You have us wrong, not totally wrong, but wrong anyway. You sound like a bitter old man using grudges from the past to divide yourself from your natural allies. We are a diverse group; nobody gets everything right, not you, George, or Georgists—I am not a “single-taxer”, but I am a “Georgist”. So it behooves you to pay attention to shifts… there is a young, and very motivated, and *progressive* group of Georgists hard at work. Maybe we need to rebrand, but you are not helping anyone with this nonesense.

      5. citalopram

        Michael – thank for your telling the truth in language we non economists can understand. You’re doing a very valuable service for the country.

    2. Yves Smith Post author

      Norman,

      For the record, that is a completely unacceptable comment. All unsubstantiated name calling.

      1. Max424

        I don’t mind the name calling. But I haven’t been smoking (honest). I was a little upset with that.

        My comment apparently was indecipherable. I blame sobriety.

        1. fallawayjumper

          Max424:
          Your comment would be best described in my circle of aging, inebriated frat boys as ‘poetry’ Max. Although the fact that i understood every word does concern me mildly but how can one not admire wonderful metaphors like sheep grazing in fields of ignorance and resolutions to upgrade one’s status to serf from sheep-serf…? We should all have such ambition…

          Keep writing prose Max and as for Mike Hudson–bravo…long been a fan…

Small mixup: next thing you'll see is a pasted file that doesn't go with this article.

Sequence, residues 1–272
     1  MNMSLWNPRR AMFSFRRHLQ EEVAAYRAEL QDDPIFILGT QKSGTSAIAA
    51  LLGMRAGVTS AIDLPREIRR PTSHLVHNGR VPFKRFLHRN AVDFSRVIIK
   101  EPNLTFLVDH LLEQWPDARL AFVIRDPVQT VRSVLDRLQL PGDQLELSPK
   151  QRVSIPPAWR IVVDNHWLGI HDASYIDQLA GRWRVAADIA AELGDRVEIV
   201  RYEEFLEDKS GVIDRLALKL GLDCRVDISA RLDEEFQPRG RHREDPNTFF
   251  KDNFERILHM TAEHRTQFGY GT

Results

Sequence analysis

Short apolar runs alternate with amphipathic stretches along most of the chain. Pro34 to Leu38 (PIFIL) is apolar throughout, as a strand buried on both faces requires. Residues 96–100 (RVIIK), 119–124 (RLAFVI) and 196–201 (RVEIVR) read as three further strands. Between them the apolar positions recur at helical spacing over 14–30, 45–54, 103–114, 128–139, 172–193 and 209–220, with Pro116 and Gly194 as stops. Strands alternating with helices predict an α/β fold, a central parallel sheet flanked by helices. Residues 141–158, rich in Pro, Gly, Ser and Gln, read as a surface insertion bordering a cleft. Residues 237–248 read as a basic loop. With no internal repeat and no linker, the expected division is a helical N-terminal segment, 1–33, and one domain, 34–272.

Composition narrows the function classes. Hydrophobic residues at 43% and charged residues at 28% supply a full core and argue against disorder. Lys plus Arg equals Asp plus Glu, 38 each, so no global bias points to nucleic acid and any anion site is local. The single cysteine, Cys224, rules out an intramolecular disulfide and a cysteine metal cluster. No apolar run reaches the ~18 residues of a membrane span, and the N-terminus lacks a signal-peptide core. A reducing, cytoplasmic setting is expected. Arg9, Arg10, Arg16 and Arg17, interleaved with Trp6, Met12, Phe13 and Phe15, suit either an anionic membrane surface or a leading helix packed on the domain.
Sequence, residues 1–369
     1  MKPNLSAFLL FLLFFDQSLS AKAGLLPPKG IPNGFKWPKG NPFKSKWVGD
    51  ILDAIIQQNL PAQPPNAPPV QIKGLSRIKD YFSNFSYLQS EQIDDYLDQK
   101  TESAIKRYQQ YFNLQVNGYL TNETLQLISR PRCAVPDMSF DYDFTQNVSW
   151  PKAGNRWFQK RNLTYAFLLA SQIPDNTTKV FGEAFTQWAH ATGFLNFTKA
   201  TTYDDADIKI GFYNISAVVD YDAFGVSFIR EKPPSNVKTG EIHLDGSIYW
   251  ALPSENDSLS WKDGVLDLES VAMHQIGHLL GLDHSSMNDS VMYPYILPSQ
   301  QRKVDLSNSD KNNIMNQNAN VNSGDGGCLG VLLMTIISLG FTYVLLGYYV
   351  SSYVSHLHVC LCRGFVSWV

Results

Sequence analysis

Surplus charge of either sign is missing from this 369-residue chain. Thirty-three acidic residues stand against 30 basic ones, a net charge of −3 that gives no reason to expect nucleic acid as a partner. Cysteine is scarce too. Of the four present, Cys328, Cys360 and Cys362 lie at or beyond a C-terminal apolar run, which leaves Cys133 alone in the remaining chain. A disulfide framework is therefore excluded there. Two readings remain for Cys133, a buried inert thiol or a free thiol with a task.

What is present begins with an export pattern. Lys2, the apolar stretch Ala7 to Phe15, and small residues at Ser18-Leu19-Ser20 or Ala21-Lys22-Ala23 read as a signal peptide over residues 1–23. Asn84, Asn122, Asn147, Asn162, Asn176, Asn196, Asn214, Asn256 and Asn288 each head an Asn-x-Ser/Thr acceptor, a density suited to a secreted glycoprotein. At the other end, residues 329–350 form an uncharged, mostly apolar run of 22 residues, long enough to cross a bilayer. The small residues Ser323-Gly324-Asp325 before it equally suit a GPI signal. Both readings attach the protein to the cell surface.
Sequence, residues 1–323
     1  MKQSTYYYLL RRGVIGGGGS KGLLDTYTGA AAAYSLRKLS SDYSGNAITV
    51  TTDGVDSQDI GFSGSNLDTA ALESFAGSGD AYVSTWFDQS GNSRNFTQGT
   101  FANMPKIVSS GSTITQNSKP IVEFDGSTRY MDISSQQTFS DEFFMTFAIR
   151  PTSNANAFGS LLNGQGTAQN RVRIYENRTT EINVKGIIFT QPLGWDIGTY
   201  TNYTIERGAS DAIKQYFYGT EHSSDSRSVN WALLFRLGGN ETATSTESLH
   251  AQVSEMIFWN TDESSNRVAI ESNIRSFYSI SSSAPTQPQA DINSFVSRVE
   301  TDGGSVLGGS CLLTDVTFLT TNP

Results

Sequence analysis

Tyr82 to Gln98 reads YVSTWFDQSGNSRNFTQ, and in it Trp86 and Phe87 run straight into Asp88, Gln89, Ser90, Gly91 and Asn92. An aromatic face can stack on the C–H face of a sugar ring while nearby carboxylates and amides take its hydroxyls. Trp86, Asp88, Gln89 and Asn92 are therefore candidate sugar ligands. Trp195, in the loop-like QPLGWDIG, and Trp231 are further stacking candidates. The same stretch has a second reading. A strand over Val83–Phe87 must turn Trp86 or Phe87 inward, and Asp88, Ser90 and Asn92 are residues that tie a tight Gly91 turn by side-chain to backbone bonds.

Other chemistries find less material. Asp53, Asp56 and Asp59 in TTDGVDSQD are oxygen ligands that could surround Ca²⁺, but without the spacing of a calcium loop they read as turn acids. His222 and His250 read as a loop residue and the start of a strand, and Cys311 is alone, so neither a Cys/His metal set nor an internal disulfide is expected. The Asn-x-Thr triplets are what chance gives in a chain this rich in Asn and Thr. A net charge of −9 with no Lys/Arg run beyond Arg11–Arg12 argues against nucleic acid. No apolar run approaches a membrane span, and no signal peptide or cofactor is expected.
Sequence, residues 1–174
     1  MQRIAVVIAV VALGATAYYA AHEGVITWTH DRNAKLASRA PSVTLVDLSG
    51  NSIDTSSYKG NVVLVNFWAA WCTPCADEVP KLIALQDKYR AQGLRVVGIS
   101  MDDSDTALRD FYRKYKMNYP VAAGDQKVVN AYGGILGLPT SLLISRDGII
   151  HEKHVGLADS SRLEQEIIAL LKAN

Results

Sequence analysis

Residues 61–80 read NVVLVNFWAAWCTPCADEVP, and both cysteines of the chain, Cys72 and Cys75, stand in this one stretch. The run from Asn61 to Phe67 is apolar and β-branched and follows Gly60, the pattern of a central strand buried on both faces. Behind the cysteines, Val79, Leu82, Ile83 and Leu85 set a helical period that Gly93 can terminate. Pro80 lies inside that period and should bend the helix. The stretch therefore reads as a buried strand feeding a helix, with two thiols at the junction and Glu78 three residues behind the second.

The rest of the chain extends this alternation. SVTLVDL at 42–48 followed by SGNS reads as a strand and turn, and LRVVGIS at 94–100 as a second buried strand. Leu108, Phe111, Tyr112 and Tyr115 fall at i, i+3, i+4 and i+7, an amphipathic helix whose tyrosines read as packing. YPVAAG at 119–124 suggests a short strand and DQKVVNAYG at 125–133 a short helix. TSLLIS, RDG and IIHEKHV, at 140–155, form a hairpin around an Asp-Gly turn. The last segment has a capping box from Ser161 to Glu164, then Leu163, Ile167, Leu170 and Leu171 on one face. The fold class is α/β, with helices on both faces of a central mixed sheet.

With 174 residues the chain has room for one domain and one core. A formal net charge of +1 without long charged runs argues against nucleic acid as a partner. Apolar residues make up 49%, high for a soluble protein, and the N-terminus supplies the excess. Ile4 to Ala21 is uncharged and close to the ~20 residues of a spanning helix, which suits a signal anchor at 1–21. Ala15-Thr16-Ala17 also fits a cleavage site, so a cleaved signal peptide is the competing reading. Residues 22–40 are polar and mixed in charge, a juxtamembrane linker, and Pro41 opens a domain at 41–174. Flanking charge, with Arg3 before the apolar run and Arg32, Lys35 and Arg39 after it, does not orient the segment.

Can you start a think tank Yves with Hudson, Whitney and Dean Baker…?
          I’m certain a few thousand ‘serf wannabees’ would chip in…
          cheers…

          1. Max424

            The fallaway rainbow for a deuce.

            Nothing better. Though I gotta admit, the modern step back too is a beautiful thing.

            We had the fade and fallaway when I was a kid, but not the step back. I wonder who invented it? Imagine going to the patent office with that creation.

            “I have new dribble-pop move, Big Gov, and I don’t want anyone to copy it, at least not for a little while. I need you to grant me a stitch of time, to get it just right.”

          2. jonboinAR

            More OT:
            Didn’t Michael use the step-back? On my favorite team, the UCLA Bruins, our mid-range-jump-shooting center, Travis Wear, uses the step-back to good effect. I wasn’t aware that it was a modern innovation.

  8. Michael Jones

    Thanks for this great series of expositions Dr. Hudson. I have no doubt that you will be proved to be correct in your analysis, and the sooner that becomes a part of the dominant paradigm, the better off we will all be.

  9. km4

    “if the Fed keeps interest rates low, there is no way that corporate, state and local pension plans can make the 8+% returns needed to pay their scheduled pensions. But if the Fed lets interest rates rise, this will reduce the capitalization rate at which banks lend against current rental income and profits. That will lower prices for real estate, corporate stocks and bonds, pushing the banks even deeper into negative equity. So if the economy is saved, the banks cannot be. This is why the Obama Administration has chosen to save the banks, not the economy”.

    Bingo !

    1. Susan the other

      My favorite paragraph too. It’s a Gordian Knot. And one of the proposals for cutting through it is seignorage coins denominated in the trillions and minted at the demand of the Treasury which is run by a banksters’ bankster. Is this the final coup – whereby limitless money is there and Congress makes the decisions how to spend it and we all know Congress will be bribed by the banksters and spend it all on them. Dr. Hudson is right: we need to write off all the debt and pass new legislation controlling the banks. Not print up more money for the banks to siphon off BEFORE we take control, legally, of our own public money to finance public deficits, not finance the banks.